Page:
We know that law is one of the most effective and powerful tools in preventing noncommunicable disease – but laws can only be effective if they lead to change on the ground.
Ensuring the success of well-drafted and robust laws means building in mechanisms from the very beginning to ensure they’re able to be enforced, and to encourage compliance.
Knowing where to start when it comes to building in systems of monitoring, compliance and enforcement can be daunting. That’s why we have worked with the World Health Organization in the Western Pacific Region to compile this report, which brings together examples of good practices from the region and elsewhere.
From no smoking zones to nutrition labelling and sale of alcohol laws, there are instances throughout the region where good enforcement strategies have led to tangible outcomes for communities.
McCabe Centre for Law and Cancer Director, Hayley Jones, said the report drew on a wide range of experiences and contexts.
“In this report we’ve gathered practical and diverse examples where governments, authorities and communities have collaborated and worked together right across the Western Pacific Region and beyond.”
“What the report has demonstrated is that turning laws into action can be a long process, and compliance and enforcement are incredibly important in that process.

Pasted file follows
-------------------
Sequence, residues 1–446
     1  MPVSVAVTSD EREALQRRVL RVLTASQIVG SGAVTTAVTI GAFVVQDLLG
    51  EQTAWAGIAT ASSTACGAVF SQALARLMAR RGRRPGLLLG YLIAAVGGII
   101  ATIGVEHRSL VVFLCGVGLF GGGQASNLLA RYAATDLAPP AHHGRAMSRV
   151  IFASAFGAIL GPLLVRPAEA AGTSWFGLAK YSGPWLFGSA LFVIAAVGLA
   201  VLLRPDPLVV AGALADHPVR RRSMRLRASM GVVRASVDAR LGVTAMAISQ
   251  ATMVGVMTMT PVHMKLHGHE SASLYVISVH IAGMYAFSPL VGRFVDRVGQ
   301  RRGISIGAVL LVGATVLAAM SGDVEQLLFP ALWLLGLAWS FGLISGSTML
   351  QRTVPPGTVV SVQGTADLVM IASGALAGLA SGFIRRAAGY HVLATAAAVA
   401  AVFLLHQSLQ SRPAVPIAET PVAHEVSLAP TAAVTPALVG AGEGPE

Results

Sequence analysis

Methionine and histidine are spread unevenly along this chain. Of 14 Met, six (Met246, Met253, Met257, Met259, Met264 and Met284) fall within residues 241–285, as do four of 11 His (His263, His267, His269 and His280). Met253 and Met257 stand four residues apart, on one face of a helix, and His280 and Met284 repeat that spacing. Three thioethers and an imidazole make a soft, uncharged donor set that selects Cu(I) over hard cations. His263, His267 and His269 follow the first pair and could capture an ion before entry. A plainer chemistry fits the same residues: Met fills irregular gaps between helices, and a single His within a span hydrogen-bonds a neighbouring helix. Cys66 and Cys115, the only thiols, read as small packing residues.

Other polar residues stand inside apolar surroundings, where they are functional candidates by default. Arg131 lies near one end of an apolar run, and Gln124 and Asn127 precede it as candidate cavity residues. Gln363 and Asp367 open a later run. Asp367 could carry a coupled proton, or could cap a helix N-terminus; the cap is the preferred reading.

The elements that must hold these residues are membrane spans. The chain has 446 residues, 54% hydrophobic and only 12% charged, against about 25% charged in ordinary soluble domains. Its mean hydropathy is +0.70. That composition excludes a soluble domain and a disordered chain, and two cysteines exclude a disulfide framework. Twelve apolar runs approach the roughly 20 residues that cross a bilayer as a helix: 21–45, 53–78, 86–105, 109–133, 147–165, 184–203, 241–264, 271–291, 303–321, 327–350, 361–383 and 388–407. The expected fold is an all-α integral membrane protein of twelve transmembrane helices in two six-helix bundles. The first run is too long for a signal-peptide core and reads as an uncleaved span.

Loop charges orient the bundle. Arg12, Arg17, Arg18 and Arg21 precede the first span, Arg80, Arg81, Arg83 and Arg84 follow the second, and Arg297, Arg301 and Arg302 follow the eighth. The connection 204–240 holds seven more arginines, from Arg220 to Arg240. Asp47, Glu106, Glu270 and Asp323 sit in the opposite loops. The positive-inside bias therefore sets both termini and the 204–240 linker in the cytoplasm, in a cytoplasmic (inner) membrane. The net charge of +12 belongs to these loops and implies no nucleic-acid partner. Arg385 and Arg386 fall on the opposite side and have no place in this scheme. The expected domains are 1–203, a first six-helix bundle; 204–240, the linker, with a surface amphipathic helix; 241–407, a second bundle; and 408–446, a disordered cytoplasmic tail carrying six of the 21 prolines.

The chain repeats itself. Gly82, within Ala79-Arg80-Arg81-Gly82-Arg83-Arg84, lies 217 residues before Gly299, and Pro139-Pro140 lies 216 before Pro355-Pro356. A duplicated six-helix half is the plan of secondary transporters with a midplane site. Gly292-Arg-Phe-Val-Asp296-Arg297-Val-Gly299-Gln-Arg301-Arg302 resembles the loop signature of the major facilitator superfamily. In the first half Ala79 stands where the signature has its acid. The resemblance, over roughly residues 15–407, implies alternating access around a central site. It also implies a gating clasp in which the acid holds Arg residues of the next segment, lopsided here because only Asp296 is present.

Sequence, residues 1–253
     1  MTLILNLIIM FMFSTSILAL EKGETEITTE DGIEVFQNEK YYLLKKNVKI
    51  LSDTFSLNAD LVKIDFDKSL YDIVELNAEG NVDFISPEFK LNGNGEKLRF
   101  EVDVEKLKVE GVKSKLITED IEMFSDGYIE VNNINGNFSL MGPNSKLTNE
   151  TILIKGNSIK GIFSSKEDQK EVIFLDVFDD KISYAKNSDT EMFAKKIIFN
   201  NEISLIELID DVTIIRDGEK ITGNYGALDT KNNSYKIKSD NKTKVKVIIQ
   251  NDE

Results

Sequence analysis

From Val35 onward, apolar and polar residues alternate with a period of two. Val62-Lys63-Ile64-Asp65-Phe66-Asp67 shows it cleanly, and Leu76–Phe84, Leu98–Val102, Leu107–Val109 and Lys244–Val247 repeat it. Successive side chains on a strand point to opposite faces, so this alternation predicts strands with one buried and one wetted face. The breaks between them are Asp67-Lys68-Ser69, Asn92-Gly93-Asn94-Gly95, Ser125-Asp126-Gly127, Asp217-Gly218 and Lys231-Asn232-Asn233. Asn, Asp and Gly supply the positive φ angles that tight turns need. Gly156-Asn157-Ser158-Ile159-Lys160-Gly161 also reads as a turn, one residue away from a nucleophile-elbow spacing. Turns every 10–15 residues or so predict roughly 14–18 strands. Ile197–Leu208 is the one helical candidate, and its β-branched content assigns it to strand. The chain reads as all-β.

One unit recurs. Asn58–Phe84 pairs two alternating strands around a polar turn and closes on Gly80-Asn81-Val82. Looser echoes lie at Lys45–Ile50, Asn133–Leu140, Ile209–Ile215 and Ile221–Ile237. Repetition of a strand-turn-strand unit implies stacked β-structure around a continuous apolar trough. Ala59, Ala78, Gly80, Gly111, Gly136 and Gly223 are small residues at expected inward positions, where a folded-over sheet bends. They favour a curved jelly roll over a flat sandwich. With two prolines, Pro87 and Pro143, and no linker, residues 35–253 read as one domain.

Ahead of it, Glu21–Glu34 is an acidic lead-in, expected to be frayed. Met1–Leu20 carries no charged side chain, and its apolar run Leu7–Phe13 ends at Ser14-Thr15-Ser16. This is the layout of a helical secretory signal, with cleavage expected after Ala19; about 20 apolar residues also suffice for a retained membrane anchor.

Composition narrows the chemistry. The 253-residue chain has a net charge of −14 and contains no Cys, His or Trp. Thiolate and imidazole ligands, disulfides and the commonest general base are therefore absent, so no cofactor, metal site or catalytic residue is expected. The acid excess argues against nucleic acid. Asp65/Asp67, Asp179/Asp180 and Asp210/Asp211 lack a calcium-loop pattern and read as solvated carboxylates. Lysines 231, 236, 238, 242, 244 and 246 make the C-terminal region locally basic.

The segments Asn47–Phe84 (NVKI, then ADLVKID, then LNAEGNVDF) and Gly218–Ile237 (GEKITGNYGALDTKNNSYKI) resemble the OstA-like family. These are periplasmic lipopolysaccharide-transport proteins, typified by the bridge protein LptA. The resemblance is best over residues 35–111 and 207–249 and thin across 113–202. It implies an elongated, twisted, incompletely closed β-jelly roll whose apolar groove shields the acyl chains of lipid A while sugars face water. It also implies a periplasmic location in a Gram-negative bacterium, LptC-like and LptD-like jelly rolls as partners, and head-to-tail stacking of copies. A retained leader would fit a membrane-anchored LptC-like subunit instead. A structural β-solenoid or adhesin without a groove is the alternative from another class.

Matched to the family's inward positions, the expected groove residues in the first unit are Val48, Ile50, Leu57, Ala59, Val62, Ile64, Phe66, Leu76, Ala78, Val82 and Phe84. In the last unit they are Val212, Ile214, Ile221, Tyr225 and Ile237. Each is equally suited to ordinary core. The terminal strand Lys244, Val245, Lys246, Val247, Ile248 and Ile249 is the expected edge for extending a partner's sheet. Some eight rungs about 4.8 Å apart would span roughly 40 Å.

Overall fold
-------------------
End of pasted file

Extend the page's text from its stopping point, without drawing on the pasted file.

“Compliance, enforcement, and monitoring cannot just be an afterthought.”
The report looks at all components of building monitoring and enforcement systems, including drafting laws, transitional periods for dealing with change, securing community, political and administrative buy-in, as well as how to promote and monitor compliance, complaints systems and responding to violations. It also focuses on multisectoral coordination for enforcement, and resourcing, monitoring and evaluation.
This report is part of the McCabe Centre’s activities as the WHO Collaborating Centre on Law and Noncommunicable disease, and was compiled with the assistance of our alumni networks, the WHO, the Pacific Community (SPC), and their respective member states.
You can read the report here .